FastCompany Magazine

The official Tumblr of Fast Company.

With the launch of a new version of the venerable role-playing game, D&D is on a quest to dominate your leisure time with digital weapons.
A party of adventurers sneak their way through Cragmaw Cave to surprise a clutch of goblins and their pet wolves.
As the bloody battle wages on, bodies fall one by one. The Dwarven priest and the vicious leader Klarg are all that remain standing. The duel rages on and only one can emerge victorious. A player tosses his dice eagerly to see if he can roll that critical hit and win the day.
This could be a scene from 1970s or the 1990s or today, from the first version of Dungeons and Dragons, to the second edition or third or fourth. But this scene unfolds in the latest D&D release and it comes with one big, modern difference: the players themselves had a hand in shaping the rules. It is all part of D&D publisher Wizards of the Coast’s embrace of the online world and digital lives of those who play this iconic paper-and-pen-based game.
"The rules provide the engine for great adventures and our focus shifts squarely to creating the best stories for players to share and enjoy in their preferred format," says Nathan Stewart, brand director for Dungeons and Dragons.

The latest version, simply titled Dungeons and Dragons, debuted last week with the release of the “Starter Set,” a box that comes with a 32-page primer on the new rules, a 64-page adventure, five characters for players to use on said adventure, and a set of dice to actually play the game with. It is a preview of the new game, before the full rulebooks are released later this year: the Player’s Handbook in August, theMonster Manual in September, and the Dungeon Master’s Guidetwo months later. Getting to this point was, as any avid D&D player might guess, an epic undertaking.
Read More>

With the launch of a new version of the venerable role-playing game, D&D is on a quest to dominate your leisure time with digital weapons.

A party of adventurers sneak their way through Cragmaw Cave to surprise a clutch of goblins and their pet wolves.

As the bloody battle wages on, bodies fall one by one. The Dwarven priest and the vicious leader Klarg are all that remain standing. The duel rages on and only one can emerge victorious. A player tosses his dice eagerly to see if he can roll that critical hit and win the day.

This could be a scene from 1970s or the 1990s or today, from the first version of Dungeons and Dragons, to the second edition or third or fourth. But this scene unfolds in the latest D&D release and it comes with one big, modern difference: the players themselves had a hand in shaping the rules. It is all part of D&D publisher Wizards of the Coast’s embrace of the online world and digital lives of those who play this iconic paper-and-pen-based game.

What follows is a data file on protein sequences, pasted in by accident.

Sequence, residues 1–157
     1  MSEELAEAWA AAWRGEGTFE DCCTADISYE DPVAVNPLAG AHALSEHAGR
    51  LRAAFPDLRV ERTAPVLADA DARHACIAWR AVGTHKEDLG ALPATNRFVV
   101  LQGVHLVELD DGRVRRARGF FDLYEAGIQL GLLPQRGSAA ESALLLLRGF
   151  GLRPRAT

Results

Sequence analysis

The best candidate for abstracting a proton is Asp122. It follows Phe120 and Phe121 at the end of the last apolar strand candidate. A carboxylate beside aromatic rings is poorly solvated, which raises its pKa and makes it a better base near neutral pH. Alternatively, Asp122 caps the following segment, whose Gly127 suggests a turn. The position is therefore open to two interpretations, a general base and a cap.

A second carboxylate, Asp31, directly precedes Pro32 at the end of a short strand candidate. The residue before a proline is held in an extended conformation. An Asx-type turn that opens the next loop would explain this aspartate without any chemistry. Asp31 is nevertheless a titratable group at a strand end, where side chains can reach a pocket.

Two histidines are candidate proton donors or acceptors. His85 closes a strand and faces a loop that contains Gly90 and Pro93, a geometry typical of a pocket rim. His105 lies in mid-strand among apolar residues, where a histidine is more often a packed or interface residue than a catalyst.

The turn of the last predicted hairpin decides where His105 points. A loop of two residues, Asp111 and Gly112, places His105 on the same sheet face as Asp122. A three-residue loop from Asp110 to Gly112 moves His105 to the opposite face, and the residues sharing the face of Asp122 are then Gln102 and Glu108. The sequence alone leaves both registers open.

"The rules provide the engine for great adventures and our focus shifts squarely to creating the best stories for players to share and enjoy in their preferred format," says Nathan Stewart, brand director for Dungeons and Dragons.

The latest version, simply titled Dungeons and Dragons, debuted last week with the release of the “Starter Set,” a box that comes with a 32-page primer on the new rules, a 64-page adventure, five characters for players to use on said adventure, and a set of dice to actually play the game with. It is a preview of the new game, before the full rulebooks are released later this year: the Player’s Handbook in August, theMonster Manual in September, and the Dungeon Master’s Guidetwo months later. Getting to this point was, as any avid D&D player might guess, an epic undertaking.

Read More>

  1. teatimeposts reblogged this from fastcompany
  2. trustmehesadoctor reblogged this from iron-inquisitor
  3. thelonearcanist reblogged this from polyhedral-paranoia and added:
    Honestly I’m far too invested in Pathfinder to be bothered with the new edition of DnD, if I’m going to throw down the...
  4. polyhedral-paranoia reblogged this from rpgwizzard and added:
    I wish the new DnD system wasn’t total shit
  5. rpgwizzard reblogged this from nat1blogging
  6. iron-inquisitor reblogged this from typhoonwizard
  7. typhoonwizard reblogged this from nat1blogging
  8. crowcockatiel reblogged this from fastcompany
  9. alexmorado reblogged this from fastcompany
  10. belkeris reblogged this from nat1blogging
  11. nat1blogging reblogged this from fastcompany and added:
    'Just as in the way the playtest documents evolved over the months, so will the “Basic Rules.” It is tagged as version...
  12. michaelmentz reblogged this from fastcompany
  13. scream-thebridge-andcry-theverse reblogged this from fastcompany
  14. sit-on-the-grass reblogged this from fastcompany
  15. hansbuetow reblogged this from fastcompany and added:
    Just came from a lunchtime meeting with a colleague to plan our office game. I’m excited about the possibilities of...
  16. alaricbaez reblogged this from fastcompany
  17. clazzjassicalrockhop reblogged this from fastcompany
  18. xwhenthefirediesx reblogged this from fastcompany and added:
    this is wonderful
  19. kijikmultimedia reblogged this from fastcompany
  20. kgdelrey reblogged this from fastcompany
  21. littlegizmo76 reblogged this from fastcompany